Scientist and researches are rapidly breaking the barriers of 3D printing, but one obstacle has stood in the way of fully printing many items; the ability to print electrical components like wiring and switchboards. However, a group of students from the University of British Columbia may have found part of the solution by using a mechanical pencil.
Jacob Bayless, Bing Dai, and Mo Chen approached the problem of embedding wire in a 3D print as part of a project for their engineering physics class. While earlier efforts to embed conductive materials were made by melting and printing alloys into an object, the group wanted to use copper. Copper is a preferred conductor of electricity, but the downside is it doesn’t melt. “We therefore sought to create a tool that prints wire directly,” said Chen, in a video later released by the group. This was accomplished by using a mechanical pencil.
The team used a servo to push the button that would normally expel the lead. In this case, it expelled the copper wire from the tip of the pencil. After testing this setup, the group determined it would work and the final tool head used this design.
Another obstacle to overcome was how to cut the wire. Because the wire doesn’t melt, the students needed a cutting mechanism. The first design used a shear cutting mechanism. “Our cutter design was a brass insert fit into a steel tube with holes drilled to line up,” said Dai. “A solenoid then moves the insert, sliding the holes out of alignment and shearing the wire.” After testing this design, it proved unsuccessful and the team went back to the drawing board.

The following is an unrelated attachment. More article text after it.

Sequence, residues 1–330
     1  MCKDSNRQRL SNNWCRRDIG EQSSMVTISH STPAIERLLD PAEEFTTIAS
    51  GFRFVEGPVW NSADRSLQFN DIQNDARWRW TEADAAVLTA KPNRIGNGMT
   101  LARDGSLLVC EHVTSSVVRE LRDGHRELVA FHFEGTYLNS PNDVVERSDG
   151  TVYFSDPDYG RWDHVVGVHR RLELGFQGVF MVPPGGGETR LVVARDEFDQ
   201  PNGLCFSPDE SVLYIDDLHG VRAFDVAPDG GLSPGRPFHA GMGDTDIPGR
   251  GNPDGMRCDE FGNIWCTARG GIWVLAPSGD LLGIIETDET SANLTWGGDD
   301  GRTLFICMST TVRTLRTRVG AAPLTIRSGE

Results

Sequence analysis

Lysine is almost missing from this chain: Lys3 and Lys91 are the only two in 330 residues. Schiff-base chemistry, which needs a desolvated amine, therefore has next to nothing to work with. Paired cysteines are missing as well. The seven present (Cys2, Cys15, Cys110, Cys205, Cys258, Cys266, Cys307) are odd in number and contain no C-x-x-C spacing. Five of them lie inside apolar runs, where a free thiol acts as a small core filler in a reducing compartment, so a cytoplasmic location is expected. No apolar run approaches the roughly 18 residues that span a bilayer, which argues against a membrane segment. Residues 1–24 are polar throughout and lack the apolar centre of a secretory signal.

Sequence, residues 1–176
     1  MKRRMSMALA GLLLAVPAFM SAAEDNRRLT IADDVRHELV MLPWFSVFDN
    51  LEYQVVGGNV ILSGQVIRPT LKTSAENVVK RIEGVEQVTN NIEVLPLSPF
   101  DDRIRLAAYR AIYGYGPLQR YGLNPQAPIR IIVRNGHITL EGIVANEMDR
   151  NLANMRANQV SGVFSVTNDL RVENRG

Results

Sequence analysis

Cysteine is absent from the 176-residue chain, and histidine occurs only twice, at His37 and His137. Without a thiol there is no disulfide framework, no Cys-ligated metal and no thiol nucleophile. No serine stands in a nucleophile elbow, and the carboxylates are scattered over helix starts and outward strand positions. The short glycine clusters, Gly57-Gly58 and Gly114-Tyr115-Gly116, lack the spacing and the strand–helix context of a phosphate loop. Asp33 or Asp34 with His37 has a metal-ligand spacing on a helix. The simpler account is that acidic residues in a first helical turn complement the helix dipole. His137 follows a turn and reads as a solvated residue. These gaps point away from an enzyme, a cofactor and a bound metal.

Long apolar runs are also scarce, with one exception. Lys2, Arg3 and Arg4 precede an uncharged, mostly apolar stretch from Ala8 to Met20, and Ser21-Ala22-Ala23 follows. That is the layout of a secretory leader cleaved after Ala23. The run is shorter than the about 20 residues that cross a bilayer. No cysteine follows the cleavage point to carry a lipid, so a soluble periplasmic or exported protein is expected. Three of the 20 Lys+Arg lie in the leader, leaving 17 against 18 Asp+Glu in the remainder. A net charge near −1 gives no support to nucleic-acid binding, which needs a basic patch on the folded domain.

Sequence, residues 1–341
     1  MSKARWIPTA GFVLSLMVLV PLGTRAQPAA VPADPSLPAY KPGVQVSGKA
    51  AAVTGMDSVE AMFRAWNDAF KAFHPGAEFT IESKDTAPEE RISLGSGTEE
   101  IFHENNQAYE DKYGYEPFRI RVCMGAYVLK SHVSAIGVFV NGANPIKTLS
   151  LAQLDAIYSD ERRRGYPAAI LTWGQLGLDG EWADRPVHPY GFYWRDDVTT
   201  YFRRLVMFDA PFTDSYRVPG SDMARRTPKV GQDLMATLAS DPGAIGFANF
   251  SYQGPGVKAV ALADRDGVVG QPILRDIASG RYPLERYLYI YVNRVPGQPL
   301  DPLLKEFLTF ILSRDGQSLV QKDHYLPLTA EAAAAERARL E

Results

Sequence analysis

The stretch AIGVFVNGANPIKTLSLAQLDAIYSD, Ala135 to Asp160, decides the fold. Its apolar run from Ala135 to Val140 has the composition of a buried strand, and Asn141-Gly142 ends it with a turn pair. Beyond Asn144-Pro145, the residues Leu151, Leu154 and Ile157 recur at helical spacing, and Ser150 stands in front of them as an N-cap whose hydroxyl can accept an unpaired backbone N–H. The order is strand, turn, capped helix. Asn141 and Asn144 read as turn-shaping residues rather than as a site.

The three students didn’t prove a successful design for the cutting mechanism and ended up manually cutting the wire. In the final report they recommended that a new method would have to be developed to successfully cut the wire.
The team discovered that while copper does not melt when heated, it does form a strong bond with thermal-plastics. They decided that this was the best method to embed the wire and so they incorporated a heating element into their plan. The heating element is similar to that used on a plastic extrusion 3D printer. The element heated the wire as it was pushed out of the pencil, which caused it to bond to the plastic.
The final piece of the copper metal printer was the software to move the machine head. The students used G-code which is popular among the 3D printing community. “We wrote a MATLAB script to generate customized G-code for different patterns such as spirals, said Dai.” “This greatly reduced the effort involved in printing new designs.”
In the end, the three students didn’t print an electrical circuit but they did prove out the idea that electrical wire can be embedded into a 3D print. This gives researchers and hobbyists a foundation to further build upon.
Read about the project in greater detail at: http://www.reprap.org/mediawiki/images/2/25/SpoolHead_FinalReport.pdf.